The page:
The design of iOS 7: Simply confusing?

“What I saw today at Apple’s annual WWDC event in the new iOS 7 was a radical departure from the previous design of the company’s operating system — what CEO Tim Cook called ‘a stunning new user interface,'” Joshua Topolsky writes for The Verge. “But whether this new design is actually good design, well, that’s a different story entirely.”

“Apple did indeed tout a completely rethought mobile OS, one which isn’t technically a great distance from its predecessor but is an incredible deviation on design. Gone are lush, skeuomorphic objects, dials, and textures (in fact, Apple took several potshots at itself about the faux-felt and wood textures of the iOS of yesteryear),” Topolsky writes. “Instead, they have been replaced with stark, largely white and open app spaces; colorful, almost childlike icons; pencil thin, abstract controls for settings. New, Gaussian blur-transparency layers slide over your content, creating thick smears of soft color; notifications and other incidental information float above your work area on semi-translucent panels. The icons are striking to see, and they’re the first sign that there are points of confusion and even missteps in Apple’s new approach.”

Topolsky writes, “But it’s not all a loss, or a miss. In fact, there are some extremely beautiful aspects of iOS 7 — aspects that lead me to believe that the raw materials for a more cohesive and useful OS are there, if perhaps a little buried. The typography in the majority of the apps is gorgeous, leaning heavily on Helvetica Neue and putting an emphasis on bigger, more readable type. App redesigns from the Calendar to the Camera introduce welcome changes. A new multitasker finally gets it right with what amounts to a carbon copy of the webOS card methodology. Little changes like the subtle, gyroscope-responsive parallax wallpapers, the ability to open notifications and controls on your lockscreen, and the new back gesture within apps show that Apple is still invested in the tiniest details.”

Much more in the full article here.

MacDailyNews Take: We’ve been using iOS 7 for a day now and, yes, believe it or not, we had to learn some new things, but, even in its beta state, iOS 7 is hardly “confusing.”

In fact, as iOS 7 users, “confusing” is not among the words that spring to mind today; these are: Potential, clarity, useful, easier, and new.

Also of note: Use iOS 7 even for a minute and it becomes abundantly clear that it’s been designed for Retina displays. Use it for a day and then pick up the same model iPhone running iOS 6 and it looks and feels old.

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67 Comments

    1. I think tech writers feel the need these days to go into an article with snark and derision just to prove their street cred. They believe that the label of “fanboy” is the kiss of death and work very hard to prove that they can find something they don’t like in just about anything. This article could have just as easily began with all the positives, followed by the few concerns or dislikes he had. Instead it’s “boy, I don’t know about this…could be a disaster…hmm, hah… but maybe there are a few good things to like”, when the good stuff he like far outweighs the dislikes. Sad.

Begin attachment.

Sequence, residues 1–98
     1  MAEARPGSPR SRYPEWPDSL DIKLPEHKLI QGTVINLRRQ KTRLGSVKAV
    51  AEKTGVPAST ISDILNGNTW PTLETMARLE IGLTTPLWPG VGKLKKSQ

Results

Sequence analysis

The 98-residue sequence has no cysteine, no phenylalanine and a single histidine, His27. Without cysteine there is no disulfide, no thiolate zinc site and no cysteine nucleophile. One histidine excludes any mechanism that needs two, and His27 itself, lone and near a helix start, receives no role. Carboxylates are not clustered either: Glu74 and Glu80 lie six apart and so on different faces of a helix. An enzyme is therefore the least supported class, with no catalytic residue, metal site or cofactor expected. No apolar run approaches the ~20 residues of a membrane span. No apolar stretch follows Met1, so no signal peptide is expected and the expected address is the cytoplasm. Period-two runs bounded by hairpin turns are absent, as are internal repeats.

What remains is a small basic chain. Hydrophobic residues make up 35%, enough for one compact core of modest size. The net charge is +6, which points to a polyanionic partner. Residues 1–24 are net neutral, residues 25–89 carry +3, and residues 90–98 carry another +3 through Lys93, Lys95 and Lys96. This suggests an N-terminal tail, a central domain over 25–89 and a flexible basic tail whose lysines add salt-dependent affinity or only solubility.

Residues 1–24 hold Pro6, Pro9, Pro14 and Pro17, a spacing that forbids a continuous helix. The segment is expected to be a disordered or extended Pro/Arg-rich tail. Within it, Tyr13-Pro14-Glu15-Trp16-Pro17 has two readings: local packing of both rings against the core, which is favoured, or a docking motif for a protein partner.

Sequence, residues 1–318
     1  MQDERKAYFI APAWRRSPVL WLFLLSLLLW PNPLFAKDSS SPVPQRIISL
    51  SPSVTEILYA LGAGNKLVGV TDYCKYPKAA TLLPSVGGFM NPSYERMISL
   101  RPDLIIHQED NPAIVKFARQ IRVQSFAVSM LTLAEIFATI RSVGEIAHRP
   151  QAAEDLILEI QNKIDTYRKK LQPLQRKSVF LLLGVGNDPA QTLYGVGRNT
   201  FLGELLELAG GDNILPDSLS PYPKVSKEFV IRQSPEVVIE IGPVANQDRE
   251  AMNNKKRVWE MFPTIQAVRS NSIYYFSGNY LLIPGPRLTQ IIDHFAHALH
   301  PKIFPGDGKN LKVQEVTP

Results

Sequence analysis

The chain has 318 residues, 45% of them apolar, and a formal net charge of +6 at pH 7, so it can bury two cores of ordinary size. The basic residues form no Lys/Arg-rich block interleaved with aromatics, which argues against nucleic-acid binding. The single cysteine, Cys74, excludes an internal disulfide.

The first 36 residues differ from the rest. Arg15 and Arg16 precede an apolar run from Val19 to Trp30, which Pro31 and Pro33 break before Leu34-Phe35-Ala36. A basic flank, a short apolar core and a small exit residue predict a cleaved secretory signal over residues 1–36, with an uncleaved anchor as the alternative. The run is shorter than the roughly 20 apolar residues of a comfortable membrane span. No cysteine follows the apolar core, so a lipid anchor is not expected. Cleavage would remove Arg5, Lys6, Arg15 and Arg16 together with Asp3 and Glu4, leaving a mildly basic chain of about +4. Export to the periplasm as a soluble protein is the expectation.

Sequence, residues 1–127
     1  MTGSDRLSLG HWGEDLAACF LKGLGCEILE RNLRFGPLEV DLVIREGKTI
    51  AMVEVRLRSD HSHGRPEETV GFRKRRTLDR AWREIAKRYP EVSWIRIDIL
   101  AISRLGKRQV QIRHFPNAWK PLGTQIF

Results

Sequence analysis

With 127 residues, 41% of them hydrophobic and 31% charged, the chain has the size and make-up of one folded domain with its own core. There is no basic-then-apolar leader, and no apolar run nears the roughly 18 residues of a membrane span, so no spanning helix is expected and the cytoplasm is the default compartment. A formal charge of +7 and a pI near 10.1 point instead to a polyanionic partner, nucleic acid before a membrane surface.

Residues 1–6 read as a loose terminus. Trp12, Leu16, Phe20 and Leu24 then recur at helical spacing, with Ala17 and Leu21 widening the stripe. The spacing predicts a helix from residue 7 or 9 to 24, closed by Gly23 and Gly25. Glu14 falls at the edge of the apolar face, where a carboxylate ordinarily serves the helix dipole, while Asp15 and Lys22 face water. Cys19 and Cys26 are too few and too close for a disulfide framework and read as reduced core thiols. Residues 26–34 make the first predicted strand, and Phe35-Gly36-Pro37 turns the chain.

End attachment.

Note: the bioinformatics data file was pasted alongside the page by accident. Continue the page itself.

1. More likely that some of them receive compensation of some type for putting the FUD out there, before the product is officially released.

        With this release (for iPhone and iPod touch), Apple consolidates the user base on A4 or later and the Retina Display. In terms of iOS advancement, I’m sure not having to accommodate the iPhone 3gs is a very good thing. It also explains why that new iPod touch was released, just before WWDC. It’s an ideal “tester” for developers.

      2. Question for you, Spark…

        I am a graphic designer, and I have not yet used iOS7.

        From watching the demos yesterday, and checking out demos on apple.com today, it seems to me that a minimal effort was taken to define separate elements of the interface. Things like headers and icons blend in with the rest of the content, which makes the eye search for key elements. This is particularly apparent to me on the Control Center screen, where all of the elements seem to merge into a single, undefined block. Buttons in particular lose their precedence.

        So… my question: Is this the case with you?

        I am excited about many of the design changes, and I hope that I will quickly adapt to the new direction of iOS.

        1. But then you learn them, right? If I’m using something 96 times a day every single day do I need the separateness to yell and smack me in the head every time? See, that’s the difference here, the restart. The old/current system yells to explain. The new one just gets out of the way.